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Zhang Jue (died 184) was the leader of the Yellow Turban Rebellion during the late Eastern Han dynasty. He was said to be a follower of Taoism and a sorcerer. His name is sometimes read as Zhang Jiao, since the Chinese character of Zhang's given name can be read as either "Jiao" or "Jue". "Jue" is the traditional reading, while "Jiao" is the modern one.
Yellow Turban Rebellion
Giving himself the title of "Great Teacher", Zhang Jue led the Yellow Turban Rebellion with his younger brothers Zhang Bao and Zhang Liang in a campaign called "The Way of Heaven" or "The Way of Peace". He and his brothers had their own power: Zhang Bao was the General of Land, Zhang Liang was the General of the People; and Zhang Jue was the General of Heaven. The Yellow Turbans claimed to be Taoists, and rebelled against the Han in response to burdensome taxes, rampant corruption, and famine and flooding, which were seen as indications that the Han ruler had lost the mandate of heaven.
The Yellow Turbans conquered much in the early years of the rebellion, but later could not hold out against Han generals Liu Bei, Dong Zhuo and Sun Jian. Although the Yellow Turbans still remained capable even in face of their more powerful foe, they were nonetheless torn apart upon the death of their leader, Zhang Jue, and were eventually defeated and dispersed.
Large groups of Yellow Turbans roamed through China for years after the rebellion's defeat, most of them eventually joining the army of warlord Cao Cao, whose politics of agrarian reform closely matched Zhang Jue's own program.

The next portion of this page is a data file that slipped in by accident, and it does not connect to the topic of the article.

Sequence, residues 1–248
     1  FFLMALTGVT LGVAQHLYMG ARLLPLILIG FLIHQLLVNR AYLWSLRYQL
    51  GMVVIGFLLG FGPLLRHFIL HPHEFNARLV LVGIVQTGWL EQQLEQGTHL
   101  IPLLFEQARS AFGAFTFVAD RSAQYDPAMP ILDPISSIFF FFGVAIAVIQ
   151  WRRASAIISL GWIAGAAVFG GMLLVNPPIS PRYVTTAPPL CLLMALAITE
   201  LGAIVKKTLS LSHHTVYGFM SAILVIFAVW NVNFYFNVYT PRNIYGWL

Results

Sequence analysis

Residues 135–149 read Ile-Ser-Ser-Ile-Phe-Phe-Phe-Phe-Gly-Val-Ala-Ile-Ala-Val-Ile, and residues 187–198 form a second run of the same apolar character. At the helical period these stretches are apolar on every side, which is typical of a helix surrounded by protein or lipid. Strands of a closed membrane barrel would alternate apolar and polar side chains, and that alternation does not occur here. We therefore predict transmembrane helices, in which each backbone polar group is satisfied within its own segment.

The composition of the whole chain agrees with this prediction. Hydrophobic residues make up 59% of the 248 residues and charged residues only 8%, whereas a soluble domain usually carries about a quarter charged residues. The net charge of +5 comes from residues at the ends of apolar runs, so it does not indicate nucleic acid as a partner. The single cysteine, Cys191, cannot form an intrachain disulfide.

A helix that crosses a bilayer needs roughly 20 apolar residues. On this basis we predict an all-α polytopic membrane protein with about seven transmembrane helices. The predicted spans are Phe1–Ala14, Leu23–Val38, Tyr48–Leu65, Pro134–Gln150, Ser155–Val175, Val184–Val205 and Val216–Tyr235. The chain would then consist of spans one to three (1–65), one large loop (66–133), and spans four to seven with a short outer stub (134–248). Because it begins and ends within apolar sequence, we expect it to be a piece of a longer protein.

In Romance of the Three Kingdoms
At that time, there lived three brothers in Julu Commandery: Zhang Jue, Zhang Bao and Zhang Liang. Zhang Jiao was a failure in the county level examination. He had gone into the mountains to gather some medicinal herbs, when he came across an old man; the old man had a youthful countenance, and was carrying a fat-hen walking stick. The old man beckoned Jue into a cave, presented him with a book in three volumes which had come from the heavens, then said, "This book is called The Essential Art of Great Peace. Once you have mastered its contents, you will represent the heavens in spreading this knowledge, and thereby save all of mankind. If you start to have second thoughts, there will be terrible consequences for you." Jue enquired as to the old man's name. The old man said, "I am the old immortal spirit from the southern lands." With that, the old man vanished into thin air. Upon receiving this book, Jue practiced night and day. Eventually, he could summon the wind and rain, and came to be known as the Great Peace Taoist. (Wikisource translation)
He then goes on to found the rebellion known as the Yellow Turban Rebellion. Little time is devoted to Zhang Jue in the book, and his death is given a line in the second chapter: "Zhang Jue had died before his (Huangfu Song's) arrival."
In popular culture
Zhang Jue appears as a playable character in Koei's Dynasty Warriors and Warriors Orochi video games series, as well as serving as an antagonist in Capcom's Destiny of an Emperor for the Nintendo Entertainment System. He is referred to as "Zhang Jiao" in these games. He is also seen as one of the antagonists of the light gun shooting game SEGA Golden Gun.
- de Crespigny, Rafe (2007). A biographical dictionary of Later Han to the Three Kingdoms (23–220 AD). Brill. p. 1058. ISBN 978-90-04-15605-0.
- The History of China, by Kenneth Pletcher. ISBN 9781615301096. Rosen Publishing, New York, 2010
- Another name for Zhuangzi. After his death, Zhuangzi was deified by his followers. They said that he would later travel to the north, and ascend to the heavens as an immortal in a blaze of fire. In the first year of the Tianbao era (742), Emperor Xuanzong of Tang gave Zhuangzi the appellation true man from the southern lands. (三國演義校注, page 10, note 24, ISBN 978-957-9113-05-2)
- Chen Shou (2002). Records of the Three Kingdoms. Yue Lu Shu She. ISBN 978-7-80665-198-8.
- Luo Guanzhong (1986). Romance of the Three Kingdoms. Yue Lu Shu She. ISBN 978-7-80520-013-2.
- Lo Kuan-chung; tr. C.H. Brewitt-Taylor (2002). Romance of the Three Kingdoms. Tuttle Publishing. ISBN 978-0-8048-3467-4.
|Great Teacher of the Yellow Turbans